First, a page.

General Forrest, of the rebel army, on the Mobile and Ohio Railroad, and the attack upon Trenton and Humboldt, on the twentieth of December, 1862. Some eight days previous to the attack I received a telegraphic despatch from Major-General Grant, giving information from Major-Gen. Rosecrans, that Forrest was moving with his force toward the Tennessee River, and ordering me to be on the look-out. I immediately despatched a detachment of the Second West-Tennessee cavalry to look after the enemy, and to watch his movements. I also prepared this place for defence, by throwing up earthworks and digging rifle-pits, on an elevation completely commanding the depot and other public property. These were completed on the seventeenth, in a most secure manner, of sufficient capacity to hold one thousand five hundred men, and I was confident that with my force I could hold it against Forrest's entire command. On the fifteenth, news was received that Forrest was crossing the Tennessee River at Clifton, immediately east of Jackson. Col. Ingersoll, Chief of Cavalry on Gen. Sullivan's staff, ordered Colonel Hawkins, of the Second West-Tennessee cavalry, with all his effective men, to join his force — the Eleventh Illinois and three hundred of the Fifth Ohio cavalry--at Lexington. The order was promptly obeyed by Col. Hawkins. On the seventeenth, Colonel Ingersoll met the enemy near Lexington, and, after a very sharp engagement, was repulsed, with a loss of some men and two pieces of artillery. The same day, General Sullivan telegraphed to know what my available force was at Trenton. I replied that I had about five hundred available men, with three pieces of artillery — not more than sufficient to hold the place, if attacked. The next morning I received an order from Gen. Sullivan for the whole of my force to move to Jackson, with two days rations — reserving only the convalescents for guard-duty; and to notify the citizens that they would be held responsible for any damage to the railroad or other public property; which order was promptly obeyed. The last of the troops left Trenton on Friday morning, the nineteenth, at three o'clock--a portion having had to wait for the train from Union City, with troops, also ordered from that place to Jackson. As the troops had been ordered from Trenton, I was compelled to abandon my rifle-pits, and to concentrate what force I had at the depot. On Thursday evening and Friday morning I had the depot platform — some one hundred and fifty by forty feet--barricaded with cotton bales and other stores, and armed all the convalescents that were able for duty. On Friday morning I learned that a wood-train passing Carroll Station was fired into by the enemy and considerably injured. During the day, a train arrived from Columbus, and remained over night, having on board some sixty or seventy soldiers returning from hospitals. These I also armed. On Saturday morning the train was ordered to Jackson, leaving about twenty of these men, representing fifteen different regiments. On Friday evening, the nineteenth, Col. Hawkins returned from the Lexington fight, and reported that he did not see more than eight hundred of the enemy, and that he saw no artillery, except the two pieces taken from our forces. This news gave us renewed hopes. Our stockade was secure against any force of cavalry or infantry, unless accompanied by artillery. Forrest's demonstration toward Jackson, with a portion of his force, was merely a feint — his main object being Trenton and Humboldt, and the Memphis and Ohio Railroad, with a view to cut off General Grant's supplies. Learning from my scouts, on Friday morning, the nineteenth, that the main force of the enemy was moving toward Trenton, I telegraphed Gen. Davis, at Columbus, to send me reenforcements, with one battery of artillery, if possible, as I expected an attack hourly. To this despatch I received no answer. On the arrival of the train at noon, I learned from ex-Governor Wood, of Illinois, that when he left Columbus, that morning, a regiment of infantry was disembarking. I again telegraphed to Gen. Davis for reenforcements, with a battery of artillery — stating that my force had been ordered to Jackson, and that I had nothing left but convalescents. To this he replied that he had no men or artillery to spare. On Saturday morning I learned from scouts that Forrest had encamped at Spring Creek with his entire force. I telegraphed this fact to Gen. Sullivan. General Hayne, then in command at Jackson, answered that Gen. Sullivan was in the field, and asked the distance and direction to Spring Creek. I answered twenty miles, and that the enemy would approach from the east. The wires were cut soon after, and I had no further communication with Jackson. Under these circumstances, I was determined to make the best possible defence, and collected the convalescents, stragglers, fugitives, and other soldiers, until I got together a force of about two hundred and fifty men. This was the condition of things up to noon Saturday, and I felt confident of holding the place against every force except artillery. Twenty-five sharp-shooters, under command of Lieutenant Allender, of the Second West-Tennessee cavalry, were placed on a brick building across the street — the top of which was well protected by a parapet wall, about three feet high. A squad of six men were placed in a building that commanded another street, to fire from the windows. All officers in the breastwork were placed in positions where they could be  most serviceable. Scouts, who were watching the movement and approach of the enemy, reported them within a few miles, and that they would be upon us soon. At about three o'clock they made their appearance, and charged our position in two columns. When within one hundred yards of the sharp-shooters, a deadly fire was opened on them from the advance posts — the men in the stockade following the example. In a very short time both columns were repulsed, with considerable loss in killed and wounded. They then moved rapidly out of range of our guns, to the right and left, completely surrounding our position — we supposed for a charge on all sides at once, a manoeuvre for which we were fully prepared. Instead of this, they planted a battery of six guns on an elevated position southeast of the stockade-two of these guns were inside of our own earthworks, one howitzer on the south-west and one on the north — and commenced shelling our position. Sixteen shells were fired, one passing through the depot near a large quantity of ammunition, but did not explode. At this time they could have levelled the stockade, depot, and all, in thirty minutes, and probably killed and wounded a large portion of our men, while we could have done them no damage, being armed only with old guns, without bayonets, and therefore unable to make a charge. Seeing that we were completely in their power, and had done all the damage to them we could, I called a council of officers. They were unanimous for surrender. Had there been the least chance, or had the cavalry continued the fight, we should have held out, but as we could do nothing, it was deemed prudent to surrender, and save the lives of the men. The question of surrender was one of time only; they would have had the place without the loss of another man in thirty minutes. The terms of the surrender were unconditional; but General Forrest admitted us to our paroles, the next morning, sending the Tennessee troops immediately home, and others to Columbus under a flag of truce. I would bear testimony to the efficiency and bearing of the following officers in preparing and conducting the defence: Col. Hawkins, Second West-Tennessee cavalry; Major Chapman, “although very much out of health,” and Captain Cowan, of the One Hundred and Twenty-second Illinois infantry; Capt. Hawkins, Capt. Belew, Lieut. Allender, Lieut. Hawkins, and Lieut. Robinson, of the Second West-Tennessee cavalry, Lieut. Goodspeed, my Adjutant, and especially Lieut. Hanford, Post Quartermaster of the Fourth Illinois cavalry; as also the bravery of the men; and I can assure them that our humiliation was not produced from a want of vigilance or the necessary precaution on our part, but from causes entirely out of our control. Of the taking of Humboldt, also under my command, I know but little; all the effective men were withdrawn to Jackson. The sick and convalescents blew up and burned the magazine, and then surrendered. I am informed that at the time of surrender the highest officer present was a corporal of the Eighty-first Illinois infantry. The loss of the enemy, from the best information we could obtain from themselves, was seventeen killed and fifty wounded. Our loss was one man killed, a private of the One Hundred and Twenty-second Illinois infantry--none wounded. The enemy burned the depots at Trenton and Humboldt, and all the stores on hand that they could not carry away. Very respectfully, your obedient servant,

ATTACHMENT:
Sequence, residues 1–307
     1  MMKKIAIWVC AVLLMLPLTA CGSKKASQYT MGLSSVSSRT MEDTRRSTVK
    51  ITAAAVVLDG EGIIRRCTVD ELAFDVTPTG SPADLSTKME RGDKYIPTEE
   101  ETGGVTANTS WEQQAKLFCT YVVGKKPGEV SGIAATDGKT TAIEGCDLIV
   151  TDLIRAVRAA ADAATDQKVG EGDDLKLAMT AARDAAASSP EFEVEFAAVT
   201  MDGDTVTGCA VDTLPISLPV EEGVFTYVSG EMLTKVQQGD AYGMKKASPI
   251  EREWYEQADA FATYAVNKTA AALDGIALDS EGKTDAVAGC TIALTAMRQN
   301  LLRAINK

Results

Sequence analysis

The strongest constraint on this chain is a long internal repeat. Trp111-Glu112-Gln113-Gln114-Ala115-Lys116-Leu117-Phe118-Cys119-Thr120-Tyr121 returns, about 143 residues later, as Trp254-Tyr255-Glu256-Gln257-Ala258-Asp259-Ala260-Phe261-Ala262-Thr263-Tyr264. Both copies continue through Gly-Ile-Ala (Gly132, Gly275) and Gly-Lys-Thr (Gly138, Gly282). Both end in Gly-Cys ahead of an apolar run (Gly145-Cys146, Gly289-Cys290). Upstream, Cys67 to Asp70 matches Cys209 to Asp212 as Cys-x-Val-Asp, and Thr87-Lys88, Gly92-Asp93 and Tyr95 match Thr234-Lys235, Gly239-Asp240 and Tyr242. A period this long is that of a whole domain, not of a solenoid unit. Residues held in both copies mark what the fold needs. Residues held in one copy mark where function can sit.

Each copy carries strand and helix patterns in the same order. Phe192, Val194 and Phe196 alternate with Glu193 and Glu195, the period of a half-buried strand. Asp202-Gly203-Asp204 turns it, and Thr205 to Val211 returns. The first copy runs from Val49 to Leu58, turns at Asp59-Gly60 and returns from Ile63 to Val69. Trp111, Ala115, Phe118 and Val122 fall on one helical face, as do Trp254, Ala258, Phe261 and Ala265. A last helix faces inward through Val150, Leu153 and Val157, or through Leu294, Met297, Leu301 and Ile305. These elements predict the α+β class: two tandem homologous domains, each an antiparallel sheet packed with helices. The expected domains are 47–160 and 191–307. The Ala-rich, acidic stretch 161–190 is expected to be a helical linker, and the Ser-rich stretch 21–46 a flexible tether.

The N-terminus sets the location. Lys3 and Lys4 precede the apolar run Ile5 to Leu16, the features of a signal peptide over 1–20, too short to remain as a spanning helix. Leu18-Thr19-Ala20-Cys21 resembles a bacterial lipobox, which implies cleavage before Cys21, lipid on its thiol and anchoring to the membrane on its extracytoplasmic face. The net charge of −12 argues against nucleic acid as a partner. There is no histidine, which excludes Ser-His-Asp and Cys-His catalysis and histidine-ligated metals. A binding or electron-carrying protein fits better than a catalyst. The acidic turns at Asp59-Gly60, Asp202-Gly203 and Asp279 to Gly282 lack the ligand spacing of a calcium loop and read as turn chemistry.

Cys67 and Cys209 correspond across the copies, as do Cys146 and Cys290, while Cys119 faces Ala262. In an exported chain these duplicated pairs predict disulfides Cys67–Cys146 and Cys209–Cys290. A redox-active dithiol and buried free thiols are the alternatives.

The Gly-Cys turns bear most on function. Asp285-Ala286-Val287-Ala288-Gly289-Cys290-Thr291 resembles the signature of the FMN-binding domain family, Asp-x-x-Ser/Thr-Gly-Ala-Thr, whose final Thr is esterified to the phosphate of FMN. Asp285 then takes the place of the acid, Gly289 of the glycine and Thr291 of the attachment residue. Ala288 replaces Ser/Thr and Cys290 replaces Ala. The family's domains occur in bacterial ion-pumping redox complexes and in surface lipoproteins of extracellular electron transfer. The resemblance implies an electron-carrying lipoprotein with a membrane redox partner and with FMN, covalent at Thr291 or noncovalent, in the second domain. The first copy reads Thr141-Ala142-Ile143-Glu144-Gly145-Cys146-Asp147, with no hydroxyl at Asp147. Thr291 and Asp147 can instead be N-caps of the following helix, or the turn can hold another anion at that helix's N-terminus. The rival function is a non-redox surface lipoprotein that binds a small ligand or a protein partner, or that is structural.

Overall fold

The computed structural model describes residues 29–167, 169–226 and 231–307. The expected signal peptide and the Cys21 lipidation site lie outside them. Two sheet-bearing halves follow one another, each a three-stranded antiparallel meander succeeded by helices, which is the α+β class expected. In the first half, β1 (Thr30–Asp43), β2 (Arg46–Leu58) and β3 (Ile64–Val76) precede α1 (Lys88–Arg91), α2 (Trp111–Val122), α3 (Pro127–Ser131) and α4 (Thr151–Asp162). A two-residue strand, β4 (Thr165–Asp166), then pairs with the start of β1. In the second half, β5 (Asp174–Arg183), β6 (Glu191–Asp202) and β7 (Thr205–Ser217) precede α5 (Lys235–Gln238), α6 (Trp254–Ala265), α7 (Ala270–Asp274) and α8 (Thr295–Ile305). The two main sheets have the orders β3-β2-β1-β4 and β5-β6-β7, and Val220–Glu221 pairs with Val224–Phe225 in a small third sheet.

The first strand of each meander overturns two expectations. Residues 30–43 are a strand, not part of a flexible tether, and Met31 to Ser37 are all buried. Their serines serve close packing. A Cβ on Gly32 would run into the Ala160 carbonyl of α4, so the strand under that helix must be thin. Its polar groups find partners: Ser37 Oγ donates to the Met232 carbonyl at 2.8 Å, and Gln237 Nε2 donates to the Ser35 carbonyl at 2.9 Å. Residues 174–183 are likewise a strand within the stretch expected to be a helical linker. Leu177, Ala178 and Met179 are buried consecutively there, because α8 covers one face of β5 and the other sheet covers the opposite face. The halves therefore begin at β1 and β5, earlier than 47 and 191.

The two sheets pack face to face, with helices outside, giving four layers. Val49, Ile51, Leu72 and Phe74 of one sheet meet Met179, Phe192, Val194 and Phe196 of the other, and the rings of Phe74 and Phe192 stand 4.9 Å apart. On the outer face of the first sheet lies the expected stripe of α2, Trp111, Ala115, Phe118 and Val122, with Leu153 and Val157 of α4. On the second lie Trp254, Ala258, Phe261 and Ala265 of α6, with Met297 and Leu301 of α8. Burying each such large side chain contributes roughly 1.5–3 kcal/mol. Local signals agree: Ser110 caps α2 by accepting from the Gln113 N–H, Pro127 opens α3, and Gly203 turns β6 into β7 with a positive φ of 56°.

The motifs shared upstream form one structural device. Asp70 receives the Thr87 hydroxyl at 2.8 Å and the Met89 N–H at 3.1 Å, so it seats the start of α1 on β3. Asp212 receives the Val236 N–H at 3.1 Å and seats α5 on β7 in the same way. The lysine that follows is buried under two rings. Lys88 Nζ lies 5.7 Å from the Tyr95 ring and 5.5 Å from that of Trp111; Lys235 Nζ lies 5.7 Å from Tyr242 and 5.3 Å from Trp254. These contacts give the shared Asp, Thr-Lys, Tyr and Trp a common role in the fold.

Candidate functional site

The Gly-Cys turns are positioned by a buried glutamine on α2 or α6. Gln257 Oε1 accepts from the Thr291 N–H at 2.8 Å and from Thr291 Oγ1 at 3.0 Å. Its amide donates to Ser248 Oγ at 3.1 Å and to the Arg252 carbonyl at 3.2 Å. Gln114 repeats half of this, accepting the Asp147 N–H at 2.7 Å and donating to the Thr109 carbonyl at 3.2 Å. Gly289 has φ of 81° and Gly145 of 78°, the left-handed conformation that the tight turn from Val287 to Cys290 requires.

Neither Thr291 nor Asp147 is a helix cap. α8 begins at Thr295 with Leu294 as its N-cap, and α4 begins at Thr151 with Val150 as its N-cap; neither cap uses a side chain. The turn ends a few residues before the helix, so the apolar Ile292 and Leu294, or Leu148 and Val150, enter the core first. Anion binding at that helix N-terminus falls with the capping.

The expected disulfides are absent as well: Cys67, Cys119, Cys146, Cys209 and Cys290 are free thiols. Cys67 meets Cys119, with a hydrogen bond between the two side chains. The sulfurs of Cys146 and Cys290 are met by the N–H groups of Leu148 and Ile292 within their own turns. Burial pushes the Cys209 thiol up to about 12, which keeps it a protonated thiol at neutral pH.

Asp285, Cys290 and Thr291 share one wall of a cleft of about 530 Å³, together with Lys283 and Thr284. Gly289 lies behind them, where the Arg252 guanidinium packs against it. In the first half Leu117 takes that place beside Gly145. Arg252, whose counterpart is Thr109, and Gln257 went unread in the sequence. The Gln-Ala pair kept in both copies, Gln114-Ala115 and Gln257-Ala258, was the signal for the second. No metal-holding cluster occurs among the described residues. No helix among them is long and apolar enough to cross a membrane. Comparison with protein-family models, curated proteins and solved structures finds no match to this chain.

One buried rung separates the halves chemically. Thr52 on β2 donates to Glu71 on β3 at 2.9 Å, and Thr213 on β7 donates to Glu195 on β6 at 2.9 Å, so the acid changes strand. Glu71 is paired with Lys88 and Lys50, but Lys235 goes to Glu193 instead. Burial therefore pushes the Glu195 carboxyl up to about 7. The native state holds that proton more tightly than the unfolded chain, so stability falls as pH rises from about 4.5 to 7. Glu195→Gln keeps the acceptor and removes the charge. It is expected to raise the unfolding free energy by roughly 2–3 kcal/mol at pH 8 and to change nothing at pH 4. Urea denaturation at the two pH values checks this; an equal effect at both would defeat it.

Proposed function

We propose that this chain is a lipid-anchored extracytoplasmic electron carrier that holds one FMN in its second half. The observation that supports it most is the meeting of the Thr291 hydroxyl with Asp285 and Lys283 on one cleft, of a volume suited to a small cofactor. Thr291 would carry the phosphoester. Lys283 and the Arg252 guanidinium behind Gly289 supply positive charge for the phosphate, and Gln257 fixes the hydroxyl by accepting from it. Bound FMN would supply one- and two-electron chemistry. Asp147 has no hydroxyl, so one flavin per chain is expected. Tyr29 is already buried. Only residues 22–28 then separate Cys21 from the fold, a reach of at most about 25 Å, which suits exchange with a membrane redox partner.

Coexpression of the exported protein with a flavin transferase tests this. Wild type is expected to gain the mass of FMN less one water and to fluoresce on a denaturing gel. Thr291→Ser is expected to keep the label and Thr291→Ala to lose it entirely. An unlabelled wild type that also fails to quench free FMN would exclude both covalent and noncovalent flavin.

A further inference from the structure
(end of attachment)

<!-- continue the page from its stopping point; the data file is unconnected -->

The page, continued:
Jacob Fry, Colonel Commanding.